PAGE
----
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Ready for a Disaster? If Not, It Will Cost You.

Analysis  |  By Jennifer Thew RN  
   July 18, 2017

Orlando Health's corporate manager of emergency preparedness talks about his experience with the Pulse nightclub shooting and how healthcare leaders can better prepare their organizations to handle disasters.

Last week it rained hard here in northern Illinois. Many homes and towns flooded, and patients at Northwestern Lake Forest Hospital had to be transferred to nearby facilities due to a power outage and standing water inside the building.

As of Friday, July 14, (two days after the rain began) the hospital was still closed.

While this incident is nowhere near the size and scale of the flooding that took place after Hurricane Katrina, Mother Nature makes a point—emergencies and disasters know no bounds.

"This stuff's happening all over the place in different venues and at different times," says Eric Alberts, corporate manager, emergency preparedness at Orlando Health.

"A fertilizer plant explosion or a train derailment with chemicals or a vehicle that crashes into a building or a shooting. These things are happening everywhere, and you can't predict it."

But hospitals and health systems can, and should, prepare for it, he says. And administrative leaders should lead the charge.

Alberts says this from experience.

Just over a year ago, a few blocks from Orlando Health Medical Center, 49 people were killed and more than 50 were injured during a mass shooting at Pulse nightclub. Recently, he spoke with HealthLeaders to share insights he gained from the incident.

Know Your Neighbors

"When we did our planning efforts, we often had been thinking that something bad was going to happen at the big venues—like a big stadium with a bowl game, at a concert, at a fair, at a parade," Alberts says.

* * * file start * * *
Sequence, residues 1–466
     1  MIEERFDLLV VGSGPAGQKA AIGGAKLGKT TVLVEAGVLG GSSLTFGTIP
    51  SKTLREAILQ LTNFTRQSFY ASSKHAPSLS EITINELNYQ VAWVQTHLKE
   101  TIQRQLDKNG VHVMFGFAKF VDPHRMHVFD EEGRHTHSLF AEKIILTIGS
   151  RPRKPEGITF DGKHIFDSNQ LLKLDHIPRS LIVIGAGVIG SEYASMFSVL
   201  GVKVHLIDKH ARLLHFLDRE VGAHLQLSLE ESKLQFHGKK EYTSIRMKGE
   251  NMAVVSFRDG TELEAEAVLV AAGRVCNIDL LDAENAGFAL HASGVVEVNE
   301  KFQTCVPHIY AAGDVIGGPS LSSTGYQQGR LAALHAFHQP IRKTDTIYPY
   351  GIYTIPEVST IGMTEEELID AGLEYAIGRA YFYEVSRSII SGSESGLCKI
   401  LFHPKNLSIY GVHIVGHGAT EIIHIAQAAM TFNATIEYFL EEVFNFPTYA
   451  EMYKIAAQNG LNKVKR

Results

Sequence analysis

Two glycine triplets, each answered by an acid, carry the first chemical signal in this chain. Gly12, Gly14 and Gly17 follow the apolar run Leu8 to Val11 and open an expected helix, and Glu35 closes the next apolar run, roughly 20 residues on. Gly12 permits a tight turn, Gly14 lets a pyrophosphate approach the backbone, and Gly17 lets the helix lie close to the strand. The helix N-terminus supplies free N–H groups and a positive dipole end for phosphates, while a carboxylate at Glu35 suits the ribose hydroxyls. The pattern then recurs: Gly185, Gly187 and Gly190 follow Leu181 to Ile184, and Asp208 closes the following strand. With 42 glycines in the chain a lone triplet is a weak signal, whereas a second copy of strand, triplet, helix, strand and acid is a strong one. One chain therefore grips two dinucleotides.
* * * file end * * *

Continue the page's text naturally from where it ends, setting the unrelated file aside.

"We can no longer think that something bad's [only] going to happen at some big mass gathering. It could be the night club down the street. It could be the taxi waiting area. It could be at a convenience store. It could be at an apartment complex. Hospitals really need to take diligence now to be prepared."

He suggests hospital leaders type their facility's location into an aerial map on the Internet, and look at what is surrounding it. Ask staff members if they've noticed anything on their way to and from work that could be an issue.

"Oftentimes people don't think that way, but what I'm saying is it's time to be cognizant and vigilant to what is surrounding you," he says.

Take Practice Seriously

About three months prior to the Pulse incident, ORMC took part in a full-scale community exercise with 57 agencies, 533 volunteer victims, and 15 hospitals.  The drill scenario was an active shooter at a local elementary school.

"Going through as realistic as possible an exercise, like we did, puts the people in the same locations and gives them proper training," he says. "During the Pulse situation, it enabled them to get away from the flight mentality and go into fight mode."

After the incident, clinical staff told Alberts that without the realistic drill, "they would have been too scared and not known what to do in that stressful chaotic situation. But because of the training, they were able to stop themselves and just go into the moment and care for the patients."

Unfortunately, as Alberts travels the country speaking about the incident, he finds that many hospitals either do not have or do not practice their emergency plans.

"If they do practice it, they're not really practicing it. They're just doing a flu shot campaign and calling it an exercise," he says.

Being Unprepared is Costly

"If you don't properly respond during an emergency, it can, and does, shut down entire hospitals," Alberts says. Not to mention the cost of legal fees and to reputation when an emergency or disaster is mishandled.

Additionally, the Centers for Medicare & Medicaid Services final rule on emergency preparedness must be implemented by November 15 of this year.

"In there, it talks to healthcare facilities having to have a risk assessment, emergency planning policy and procedures, an emergency communication plan, and training and testing," he says.

CMS regulators can arrive unannounced and can pull funding from a hospital that is not in compliance with the rule, Alberts says.

Most importantly, being unprepared can cost lives.

"I had a lot of people tell me that that [large-scale community] exercise really did help save lives in Pulse," he says.

"To me that's extremely humbling because I'm not a clinician. I'm an administrative person. For the clinicians to tell me that those efforts helped save lives in Pulse, that means the world to me. It really fuels my fire to want to do this and to do a whole lot more to help the hospitals be better prepared."

Jennifer Thew, RN, is the senior nursing editor at HealthLeaders.

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